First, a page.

When the project was announced in September, Amazon’s wish list included “metropolitan areas with more than one million people, a stable and business-friendly environment, urban or suburban locations with the potential to attract and retain strong technical talent,” and “communities that think big and creatively when considering locations and real estate options."
The company also listed incentives as one factor that would drive its decision, sparking a bidding war -- the likes of which have not been seen since 2013, when the Boeing Co. received bids from 22 states for a facility to build its new 777X jetliner. Washington state won by offering Boeing the largest tax subsidy ever granted to a private company in the U.S., and the company expanded its operations in the state rather than moving the project elsewhere.
The Washington deal proved lucrative for Boeing but wasn't as helpful to the state. Not long after the agreement had been finalized, the company announced it was moving about 20,000 jobs to other cities. State lawmakers have since tried unsuccessfully to claw back some of the incentives through legislation.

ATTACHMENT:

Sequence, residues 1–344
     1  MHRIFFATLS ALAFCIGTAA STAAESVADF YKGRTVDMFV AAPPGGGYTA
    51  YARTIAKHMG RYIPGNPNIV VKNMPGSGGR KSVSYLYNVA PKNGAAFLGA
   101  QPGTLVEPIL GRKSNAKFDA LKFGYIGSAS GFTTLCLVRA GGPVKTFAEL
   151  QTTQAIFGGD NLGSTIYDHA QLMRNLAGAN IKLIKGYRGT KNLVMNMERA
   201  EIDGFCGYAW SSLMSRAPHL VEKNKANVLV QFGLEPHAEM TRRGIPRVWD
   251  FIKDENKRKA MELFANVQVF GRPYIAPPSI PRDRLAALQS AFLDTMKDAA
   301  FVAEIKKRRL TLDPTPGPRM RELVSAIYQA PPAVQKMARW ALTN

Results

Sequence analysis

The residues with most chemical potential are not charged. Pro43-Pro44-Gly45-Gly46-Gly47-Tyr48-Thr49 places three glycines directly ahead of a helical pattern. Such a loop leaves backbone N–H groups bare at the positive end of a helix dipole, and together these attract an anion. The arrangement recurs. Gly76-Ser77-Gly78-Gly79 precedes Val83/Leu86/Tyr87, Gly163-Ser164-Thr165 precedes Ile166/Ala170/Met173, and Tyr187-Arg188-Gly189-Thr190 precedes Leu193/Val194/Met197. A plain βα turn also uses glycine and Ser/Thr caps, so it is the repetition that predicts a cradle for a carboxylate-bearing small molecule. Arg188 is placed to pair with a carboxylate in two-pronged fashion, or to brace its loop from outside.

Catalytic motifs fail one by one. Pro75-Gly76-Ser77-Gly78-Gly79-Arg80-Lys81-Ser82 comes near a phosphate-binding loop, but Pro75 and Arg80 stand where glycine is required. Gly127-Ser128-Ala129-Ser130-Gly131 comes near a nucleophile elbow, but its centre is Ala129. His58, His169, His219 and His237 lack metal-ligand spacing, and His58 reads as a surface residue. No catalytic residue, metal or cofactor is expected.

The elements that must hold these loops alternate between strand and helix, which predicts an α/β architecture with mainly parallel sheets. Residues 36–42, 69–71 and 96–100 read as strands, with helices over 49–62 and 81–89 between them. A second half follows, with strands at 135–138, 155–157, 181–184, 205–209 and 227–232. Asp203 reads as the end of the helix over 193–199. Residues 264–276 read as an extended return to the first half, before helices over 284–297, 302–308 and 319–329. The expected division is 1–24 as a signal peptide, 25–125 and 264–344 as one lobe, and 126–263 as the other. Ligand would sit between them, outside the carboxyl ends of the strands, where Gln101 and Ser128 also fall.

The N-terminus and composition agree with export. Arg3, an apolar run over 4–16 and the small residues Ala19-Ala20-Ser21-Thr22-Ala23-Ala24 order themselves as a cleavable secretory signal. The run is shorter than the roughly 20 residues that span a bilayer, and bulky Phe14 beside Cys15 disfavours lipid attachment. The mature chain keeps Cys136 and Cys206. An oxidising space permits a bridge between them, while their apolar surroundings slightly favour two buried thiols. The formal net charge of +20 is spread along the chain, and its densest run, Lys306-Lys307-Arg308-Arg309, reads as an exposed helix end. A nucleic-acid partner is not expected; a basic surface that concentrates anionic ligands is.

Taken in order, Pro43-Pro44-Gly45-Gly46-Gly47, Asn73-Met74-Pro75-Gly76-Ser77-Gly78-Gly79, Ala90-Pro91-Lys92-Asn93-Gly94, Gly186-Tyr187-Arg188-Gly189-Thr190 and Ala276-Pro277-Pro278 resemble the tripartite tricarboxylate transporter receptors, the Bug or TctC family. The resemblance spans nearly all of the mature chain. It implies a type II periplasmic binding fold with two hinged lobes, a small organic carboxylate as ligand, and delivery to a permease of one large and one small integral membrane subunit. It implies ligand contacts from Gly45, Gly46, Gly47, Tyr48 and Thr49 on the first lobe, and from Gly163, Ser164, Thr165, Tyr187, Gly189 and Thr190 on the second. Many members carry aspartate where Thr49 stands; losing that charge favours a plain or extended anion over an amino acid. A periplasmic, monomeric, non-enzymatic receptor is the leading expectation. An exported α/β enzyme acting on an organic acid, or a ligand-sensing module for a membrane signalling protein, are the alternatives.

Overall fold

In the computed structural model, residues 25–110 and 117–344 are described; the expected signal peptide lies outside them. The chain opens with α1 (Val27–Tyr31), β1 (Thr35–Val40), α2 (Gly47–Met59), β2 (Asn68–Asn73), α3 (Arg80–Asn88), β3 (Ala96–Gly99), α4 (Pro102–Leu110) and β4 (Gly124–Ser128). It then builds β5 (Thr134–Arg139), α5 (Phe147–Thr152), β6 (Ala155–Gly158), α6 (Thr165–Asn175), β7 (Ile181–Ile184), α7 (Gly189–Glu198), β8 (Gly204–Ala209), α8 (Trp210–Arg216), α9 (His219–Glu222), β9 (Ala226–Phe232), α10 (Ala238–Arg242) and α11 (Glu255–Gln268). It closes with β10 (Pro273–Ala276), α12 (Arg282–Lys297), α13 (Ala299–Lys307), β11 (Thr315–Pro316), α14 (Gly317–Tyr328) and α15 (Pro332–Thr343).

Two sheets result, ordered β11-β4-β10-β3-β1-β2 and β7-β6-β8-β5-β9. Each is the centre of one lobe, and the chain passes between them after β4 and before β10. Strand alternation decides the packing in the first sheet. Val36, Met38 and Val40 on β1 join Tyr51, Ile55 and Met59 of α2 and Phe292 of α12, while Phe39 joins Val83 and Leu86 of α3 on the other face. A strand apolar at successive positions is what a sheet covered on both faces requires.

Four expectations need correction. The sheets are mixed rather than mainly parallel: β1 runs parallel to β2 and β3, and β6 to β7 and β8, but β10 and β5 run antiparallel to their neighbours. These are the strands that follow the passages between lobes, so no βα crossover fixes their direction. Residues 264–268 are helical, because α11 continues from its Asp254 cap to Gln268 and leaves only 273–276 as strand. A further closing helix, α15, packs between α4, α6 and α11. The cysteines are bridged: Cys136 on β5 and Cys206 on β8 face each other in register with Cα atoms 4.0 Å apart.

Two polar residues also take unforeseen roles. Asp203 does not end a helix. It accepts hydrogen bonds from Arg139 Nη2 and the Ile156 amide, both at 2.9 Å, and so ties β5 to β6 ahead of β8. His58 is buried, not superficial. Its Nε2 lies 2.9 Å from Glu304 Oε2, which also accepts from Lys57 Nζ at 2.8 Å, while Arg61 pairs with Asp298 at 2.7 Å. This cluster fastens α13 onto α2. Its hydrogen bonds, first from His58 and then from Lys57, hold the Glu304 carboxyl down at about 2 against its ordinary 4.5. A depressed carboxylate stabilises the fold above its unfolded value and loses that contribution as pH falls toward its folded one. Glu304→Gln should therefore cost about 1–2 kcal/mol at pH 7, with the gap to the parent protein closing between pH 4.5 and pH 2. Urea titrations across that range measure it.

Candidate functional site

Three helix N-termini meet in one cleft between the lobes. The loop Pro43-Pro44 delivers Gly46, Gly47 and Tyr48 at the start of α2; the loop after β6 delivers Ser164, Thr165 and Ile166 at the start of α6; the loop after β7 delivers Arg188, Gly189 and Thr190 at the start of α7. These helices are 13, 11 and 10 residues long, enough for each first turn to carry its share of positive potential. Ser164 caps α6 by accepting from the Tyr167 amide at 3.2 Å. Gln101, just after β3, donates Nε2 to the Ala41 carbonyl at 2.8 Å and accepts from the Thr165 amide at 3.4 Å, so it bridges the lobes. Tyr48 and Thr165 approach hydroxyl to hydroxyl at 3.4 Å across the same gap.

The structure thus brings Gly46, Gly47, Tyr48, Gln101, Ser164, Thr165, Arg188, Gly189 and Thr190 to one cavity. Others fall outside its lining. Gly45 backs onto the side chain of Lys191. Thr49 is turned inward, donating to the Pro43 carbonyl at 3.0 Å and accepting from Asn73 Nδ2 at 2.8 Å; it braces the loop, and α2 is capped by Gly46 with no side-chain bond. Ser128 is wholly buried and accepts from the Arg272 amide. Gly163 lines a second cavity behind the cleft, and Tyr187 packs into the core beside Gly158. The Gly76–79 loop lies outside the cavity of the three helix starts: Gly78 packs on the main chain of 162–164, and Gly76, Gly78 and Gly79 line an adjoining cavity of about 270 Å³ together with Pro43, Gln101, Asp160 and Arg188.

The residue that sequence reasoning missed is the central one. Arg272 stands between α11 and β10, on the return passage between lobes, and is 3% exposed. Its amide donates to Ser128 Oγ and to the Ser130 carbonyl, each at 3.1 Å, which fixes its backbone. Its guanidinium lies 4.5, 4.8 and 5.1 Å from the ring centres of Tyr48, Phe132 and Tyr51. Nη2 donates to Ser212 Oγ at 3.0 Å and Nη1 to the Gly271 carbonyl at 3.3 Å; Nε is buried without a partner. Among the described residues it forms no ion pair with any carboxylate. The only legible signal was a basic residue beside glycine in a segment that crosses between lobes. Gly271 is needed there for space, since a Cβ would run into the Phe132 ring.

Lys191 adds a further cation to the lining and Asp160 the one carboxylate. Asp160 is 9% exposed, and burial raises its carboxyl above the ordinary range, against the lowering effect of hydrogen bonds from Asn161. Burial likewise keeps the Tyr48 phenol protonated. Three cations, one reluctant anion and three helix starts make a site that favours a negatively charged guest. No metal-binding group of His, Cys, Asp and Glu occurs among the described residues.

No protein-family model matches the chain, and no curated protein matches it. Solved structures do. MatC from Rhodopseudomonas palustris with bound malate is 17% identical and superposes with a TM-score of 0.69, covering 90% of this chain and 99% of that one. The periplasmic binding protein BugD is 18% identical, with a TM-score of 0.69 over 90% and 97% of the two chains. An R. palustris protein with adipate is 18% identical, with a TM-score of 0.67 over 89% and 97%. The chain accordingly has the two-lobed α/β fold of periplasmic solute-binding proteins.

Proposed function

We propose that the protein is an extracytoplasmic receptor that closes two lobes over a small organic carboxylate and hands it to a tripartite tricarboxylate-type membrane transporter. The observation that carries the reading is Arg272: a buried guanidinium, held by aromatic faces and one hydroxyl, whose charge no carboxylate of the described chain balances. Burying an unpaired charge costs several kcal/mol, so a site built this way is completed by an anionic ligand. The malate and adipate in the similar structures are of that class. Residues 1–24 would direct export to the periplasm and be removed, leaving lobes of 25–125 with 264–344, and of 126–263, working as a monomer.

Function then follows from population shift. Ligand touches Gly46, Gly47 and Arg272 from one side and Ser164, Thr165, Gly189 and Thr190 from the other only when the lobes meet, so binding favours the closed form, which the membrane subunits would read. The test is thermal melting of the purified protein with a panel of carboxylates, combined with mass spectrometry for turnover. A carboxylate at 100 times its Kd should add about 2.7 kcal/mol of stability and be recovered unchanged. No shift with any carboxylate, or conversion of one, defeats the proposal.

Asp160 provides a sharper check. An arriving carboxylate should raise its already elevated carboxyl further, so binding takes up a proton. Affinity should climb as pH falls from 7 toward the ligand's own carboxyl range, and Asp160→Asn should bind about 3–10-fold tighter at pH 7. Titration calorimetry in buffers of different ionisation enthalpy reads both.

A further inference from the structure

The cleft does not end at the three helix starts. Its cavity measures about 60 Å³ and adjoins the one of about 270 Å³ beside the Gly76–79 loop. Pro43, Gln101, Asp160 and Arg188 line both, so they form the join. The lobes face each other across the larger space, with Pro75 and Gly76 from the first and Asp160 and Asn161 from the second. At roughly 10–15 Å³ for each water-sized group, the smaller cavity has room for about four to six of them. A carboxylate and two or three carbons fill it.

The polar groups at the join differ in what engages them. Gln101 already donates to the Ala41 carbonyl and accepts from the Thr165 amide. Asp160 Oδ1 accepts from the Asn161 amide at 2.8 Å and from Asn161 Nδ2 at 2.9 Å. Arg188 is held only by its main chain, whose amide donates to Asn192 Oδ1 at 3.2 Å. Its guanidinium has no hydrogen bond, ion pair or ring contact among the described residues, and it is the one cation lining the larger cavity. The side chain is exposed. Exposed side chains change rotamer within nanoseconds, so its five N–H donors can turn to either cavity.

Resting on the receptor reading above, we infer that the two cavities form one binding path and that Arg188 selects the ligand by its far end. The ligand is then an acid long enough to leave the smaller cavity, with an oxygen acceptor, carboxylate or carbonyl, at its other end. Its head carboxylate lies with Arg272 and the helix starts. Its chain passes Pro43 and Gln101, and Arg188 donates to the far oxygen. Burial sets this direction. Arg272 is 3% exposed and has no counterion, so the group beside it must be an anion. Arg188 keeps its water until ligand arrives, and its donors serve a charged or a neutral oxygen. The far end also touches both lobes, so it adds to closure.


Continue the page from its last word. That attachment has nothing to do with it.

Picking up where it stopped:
Washington, home to Amazon's first headquarters, in Seattle, is also bidding for the company's second. In its proposal, released by the Washington Department of Commerce, the state offered to work with the company to "identify existing tax incentives . . . including business and occupation tax credits or other incentives that can help you offset the cost of setting up another headquarters in Washington State."
Like Boeing, Amazon has been known to take advantage of corporate tax breaks. Between 2000 and 2017, Amazon received more than $1 billion in subsidies for its fulfillment and sorting centers, data centers, and film productions, according to Good Jobs First.
However, it’s unclear how much of an emphasis Amazon will place on incentives when choosing a location for its second headquarters, because the criteria are not weighted.